DURING the past week The Guardian brought us ‘Bias in Britain: A series of reports on the hidden impact of everyday racism’. Which immediately raises the question: how was this different from every other week in which identity politics is promoted by The Guardian.

The answer is that this week’s series was hung upon the ‘first major piece of UK public polling to focus on ethnic minorities’ experiences of unconscious bias’. As an example of ‘the stark evidence of everyday racial bias in Britain’, the ICM poll records that during the past five years ‘forty-three per cent of those from a minority ethnic background had been overlooked for a work promotion in a way that felt unfair . . . more than twice the proportion of white people (18 per cent) who reported the same experience’.

This is a finding in which ‘felt unfair’ is doing some heavy lifting. But we are now in an age where subjectivity underpins not only the concept of ‘unconscious bias’, but where perceiving discrimination is sufficient to self-identify as victim of a hate crime.

As part of its series, The Guardian identified ‘Ten areas rife with racial bias in UK’. It would, of course, be stupid to deny that Britain still harbours racism. However, The Guardian trivialises its investigation of the problem by reporting as fact the ludicrous opinion of the partisan charity BME Cancer Voice that breast screening services are, somehow, ‘perceived to be targeted at white people’; it also descends into froth when solemnly declaring that ‘in the world of online dating, racial inequalities are rife’.

The Guardian’s evidence for the latter claim is that ‘black men and women are 10 times more likely to message white users than the reverse’. Even if this generalised statistic were broadly true and there is such disparity, innate physical attraction is both individualistic and, dare one say, discriminatory. Thankfully, the state does not dictate which ethnicities we should fancy, date and marry; or at least not yet.

Though not strictly part of its Bias in Britain series, the latest column by Matthew d’Ancona, titled ‘Let’s be honest about what’s really driving Brexit: bigotry’, neatly overlapped with the paper’s theme of the week. However, d’Ancona’s accusation was not one of ‘unconscious bias’ but of the Leave vote having been motivated by ‘extremely unpleasant nativism . . . there is now a sufficiency of Britons who just don’t like people of foreign extraction, and certainly don’t want many more of them around the place’.

From Matthew’s dank corner of The Guardian, wanting ‘a properly staffed NHS’ and ‘social care that was halfway decent’ had constituted tacit approval of concomitant mass immigration; those who had desired such basic services but voted Leave are therefore declared hypocritical bigots. For this bunkum, TCW’s Laura Perrins nailed disdainful d’Ancona: ‘I, a Guardian journalist . . . am a superior being because it turns out all the Eastern European immigrants who arrived courtesy of Tony Blair aren’t that great at knocking out poisonous articles for The Guardian, so my job isn’t threatened. It’s a win-win. I keep my job, get to hire cheaper decorators from Eastern Europe and feel morally superior to boot.’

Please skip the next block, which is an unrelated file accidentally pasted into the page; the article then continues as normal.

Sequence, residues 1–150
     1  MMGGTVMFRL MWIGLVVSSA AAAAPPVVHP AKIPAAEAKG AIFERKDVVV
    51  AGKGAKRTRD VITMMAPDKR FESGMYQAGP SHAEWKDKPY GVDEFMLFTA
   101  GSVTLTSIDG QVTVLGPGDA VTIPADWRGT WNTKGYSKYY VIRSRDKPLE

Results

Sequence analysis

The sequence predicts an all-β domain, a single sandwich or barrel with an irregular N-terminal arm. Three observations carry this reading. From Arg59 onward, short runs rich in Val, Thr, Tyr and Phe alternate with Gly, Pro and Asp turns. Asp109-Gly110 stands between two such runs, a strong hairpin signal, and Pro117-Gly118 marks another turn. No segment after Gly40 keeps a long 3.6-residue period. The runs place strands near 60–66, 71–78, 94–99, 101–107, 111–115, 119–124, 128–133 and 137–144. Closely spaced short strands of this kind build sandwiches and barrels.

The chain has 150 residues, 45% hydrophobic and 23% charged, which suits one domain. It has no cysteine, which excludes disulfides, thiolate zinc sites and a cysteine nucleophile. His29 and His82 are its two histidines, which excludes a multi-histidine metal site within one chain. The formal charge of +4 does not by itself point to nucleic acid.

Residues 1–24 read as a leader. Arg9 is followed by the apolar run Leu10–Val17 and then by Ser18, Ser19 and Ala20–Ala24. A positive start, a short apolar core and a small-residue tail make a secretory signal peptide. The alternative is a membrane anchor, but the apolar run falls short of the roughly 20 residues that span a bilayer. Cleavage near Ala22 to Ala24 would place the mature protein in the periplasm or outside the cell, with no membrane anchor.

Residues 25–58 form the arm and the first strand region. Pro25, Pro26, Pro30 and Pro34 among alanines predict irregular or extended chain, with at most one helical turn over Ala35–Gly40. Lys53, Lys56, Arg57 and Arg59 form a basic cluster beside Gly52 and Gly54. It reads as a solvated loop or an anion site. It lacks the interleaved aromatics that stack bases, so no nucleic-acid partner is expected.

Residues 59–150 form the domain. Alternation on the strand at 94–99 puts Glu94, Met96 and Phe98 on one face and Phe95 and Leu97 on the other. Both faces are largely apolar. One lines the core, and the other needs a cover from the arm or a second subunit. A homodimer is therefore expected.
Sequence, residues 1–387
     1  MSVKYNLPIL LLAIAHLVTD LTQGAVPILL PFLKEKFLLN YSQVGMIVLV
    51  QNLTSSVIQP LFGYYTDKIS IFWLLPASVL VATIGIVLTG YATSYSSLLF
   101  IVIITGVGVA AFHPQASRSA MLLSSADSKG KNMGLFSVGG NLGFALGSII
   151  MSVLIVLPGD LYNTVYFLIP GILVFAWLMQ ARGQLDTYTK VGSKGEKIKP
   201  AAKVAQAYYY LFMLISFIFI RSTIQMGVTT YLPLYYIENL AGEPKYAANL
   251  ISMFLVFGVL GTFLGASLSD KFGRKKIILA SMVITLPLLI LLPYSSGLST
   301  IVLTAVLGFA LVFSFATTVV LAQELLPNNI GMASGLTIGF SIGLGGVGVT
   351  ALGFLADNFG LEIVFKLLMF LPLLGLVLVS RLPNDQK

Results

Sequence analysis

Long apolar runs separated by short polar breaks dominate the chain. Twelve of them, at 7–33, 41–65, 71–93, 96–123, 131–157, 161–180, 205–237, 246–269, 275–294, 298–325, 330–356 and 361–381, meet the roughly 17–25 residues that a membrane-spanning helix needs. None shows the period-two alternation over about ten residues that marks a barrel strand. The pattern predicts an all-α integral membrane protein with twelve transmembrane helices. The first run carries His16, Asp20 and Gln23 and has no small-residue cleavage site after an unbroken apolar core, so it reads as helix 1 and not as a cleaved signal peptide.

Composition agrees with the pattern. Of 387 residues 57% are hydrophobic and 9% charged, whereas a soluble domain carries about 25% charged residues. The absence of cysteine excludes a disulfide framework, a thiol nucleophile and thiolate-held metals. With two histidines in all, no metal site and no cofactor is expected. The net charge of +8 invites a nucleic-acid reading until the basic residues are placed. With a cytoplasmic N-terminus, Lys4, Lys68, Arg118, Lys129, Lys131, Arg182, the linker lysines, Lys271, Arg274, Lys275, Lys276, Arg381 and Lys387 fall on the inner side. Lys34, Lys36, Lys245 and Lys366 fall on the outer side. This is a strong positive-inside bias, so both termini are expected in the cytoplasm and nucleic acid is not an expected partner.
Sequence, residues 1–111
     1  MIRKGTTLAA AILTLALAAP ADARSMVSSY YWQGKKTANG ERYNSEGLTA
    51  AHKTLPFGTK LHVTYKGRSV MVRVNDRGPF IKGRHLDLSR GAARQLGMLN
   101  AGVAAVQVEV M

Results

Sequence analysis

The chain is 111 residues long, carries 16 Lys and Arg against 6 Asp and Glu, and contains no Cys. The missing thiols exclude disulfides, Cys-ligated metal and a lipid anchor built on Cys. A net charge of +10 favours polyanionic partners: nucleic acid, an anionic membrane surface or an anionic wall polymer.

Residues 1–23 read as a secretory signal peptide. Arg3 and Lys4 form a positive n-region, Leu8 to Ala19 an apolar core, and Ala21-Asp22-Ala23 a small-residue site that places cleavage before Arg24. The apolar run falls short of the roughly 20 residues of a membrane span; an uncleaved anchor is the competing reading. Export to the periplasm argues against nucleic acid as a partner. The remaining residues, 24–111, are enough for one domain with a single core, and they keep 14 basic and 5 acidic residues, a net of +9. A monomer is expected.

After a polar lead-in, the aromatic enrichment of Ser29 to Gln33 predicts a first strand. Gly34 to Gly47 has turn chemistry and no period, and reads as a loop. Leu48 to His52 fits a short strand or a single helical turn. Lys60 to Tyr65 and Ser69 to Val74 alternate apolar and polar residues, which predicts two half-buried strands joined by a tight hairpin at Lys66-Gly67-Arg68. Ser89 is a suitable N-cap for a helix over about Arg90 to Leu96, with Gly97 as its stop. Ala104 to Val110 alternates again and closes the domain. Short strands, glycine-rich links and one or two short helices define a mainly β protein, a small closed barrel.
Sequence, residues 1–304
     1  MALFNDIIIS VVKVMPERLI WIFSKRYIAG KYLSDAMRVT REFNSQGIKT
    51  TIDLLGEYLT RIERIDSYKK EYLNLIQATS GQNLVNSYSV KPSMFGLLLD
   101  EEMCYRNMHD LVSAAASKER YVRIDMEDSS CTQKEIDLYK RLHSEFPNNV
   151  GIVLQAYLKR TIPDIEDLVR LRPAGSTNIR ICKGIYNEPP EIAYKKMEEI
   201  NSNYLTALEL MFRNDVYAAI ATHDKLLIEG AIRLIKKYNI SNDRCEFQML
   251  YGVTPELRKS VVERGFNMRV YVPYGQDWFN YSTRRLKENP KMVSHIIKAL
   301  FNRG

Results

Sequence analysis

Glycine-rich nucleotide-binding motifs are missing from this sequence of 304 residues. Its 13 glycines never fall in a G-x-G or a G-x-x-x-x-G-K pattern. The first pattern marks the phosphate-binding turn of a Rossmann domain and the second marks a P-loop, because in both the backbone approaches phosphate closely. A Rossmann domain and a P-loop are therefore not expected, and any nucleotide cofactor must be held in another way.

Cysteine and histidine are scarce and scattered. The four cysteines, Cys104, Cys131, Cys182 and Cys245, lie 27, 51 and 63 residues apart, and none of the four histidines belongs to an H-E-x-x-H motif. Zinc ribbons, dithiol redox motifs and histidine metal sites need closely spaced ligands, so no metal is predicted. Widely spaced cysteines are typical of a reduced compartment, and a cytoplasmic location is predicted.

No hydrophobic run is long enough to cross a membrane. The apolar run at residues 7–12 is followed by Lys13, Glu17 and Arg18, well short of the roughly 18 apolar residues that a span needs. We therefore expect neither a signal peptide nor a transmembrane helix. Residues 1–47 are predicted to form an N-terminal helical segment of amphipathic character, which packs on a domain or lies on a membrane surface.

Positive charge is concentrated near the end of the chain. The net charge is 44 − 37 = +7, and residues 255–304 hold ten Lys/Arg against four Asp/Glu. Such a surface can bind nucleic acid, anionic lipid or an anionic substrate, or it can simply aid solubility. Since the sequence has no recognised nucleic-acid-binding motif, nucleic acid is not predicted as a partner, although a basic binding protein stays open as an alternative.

Less haughty than Matthew d’Ancona, but no less derisive regarding Brexit, is the ubiquitous Nish Kumar, who self-identifies as a comedian. Interviewed by The Guardian on the subject of ‘unconscious bias’, the host of the BBC’s Mash Report has ‘less of a sense of humour about it post-Brexit . . . I now feel this weird responsibility to bring up race as much as possible’.

As if we hadn’t noticed. According to Kumar: ‘We were in denial about the extent to which Britain had cured itself of the poison of racism . . . if that makes people uncomfortable, well they should feel uncomfortable. We should feel uncomfortable as a nation that we sided with the “breaking point” poster.’

Nigel Farage endorsing a provocative billboard should, in Kumar’s mind, have dissuaded all decent-minded folk from voting Leave. To those who had considerations more important than Farage and his poster, and yet voted ‘the same way as that guy’ regardless, Kumar complains: ‘You saw the “breaking point” poster and you calculated the damage that would do, or you didn’t consider the damage that would do, and you decided to act on it anyway.’

For his experience of ‘unconscious bias’ Nish Kumar laments: ‘In the last couple of weeks people have been pathologically incapable of not calling me Nish Patel . . . It’s literally as if they’ve just gone: “Ahh, they’re all Patels, in some way they’re all Patels”.’ So which bigoted Brexiteers have belittled Nish Kumar by misnaming him, either carelessly or on purpose? Apparently there was a programme listing in the Metro newspaper which named him Nish Patel. As did an accommodation booking for his next tour. And a ticket for Kumar issued by the Soho Theatre, where his picture hangs on the wall, was printed in the name of a different Asian comic.

And that, seemingly, is the extent of what Kumar hyperbolically calls the public’s pathological incapability of not calling him Nish Patel. Furthermore, I’m going to speculate that those ‘unconsciously biased’ offenders at the Metro newspaper, the hotel booking agent and London’s Soho Theatre were all much more likely to have been Remainers than dupes radicalised by Nigel Farage posing beside a billboard.

For Nish Kumar, ‘whenever British values are talked about, there is an inherent implication that they are white values’. Despite which, ‘I still hold to this idea that multicultural Britain is possible . . . I have to believe in that idea, otherwise I wouldn’t get out of bed in the morning.’

Having seen his act and heard his schtick, I’d like Kumar not to feel obliged to rise for work. Take as many duvet days as you please, Nish.

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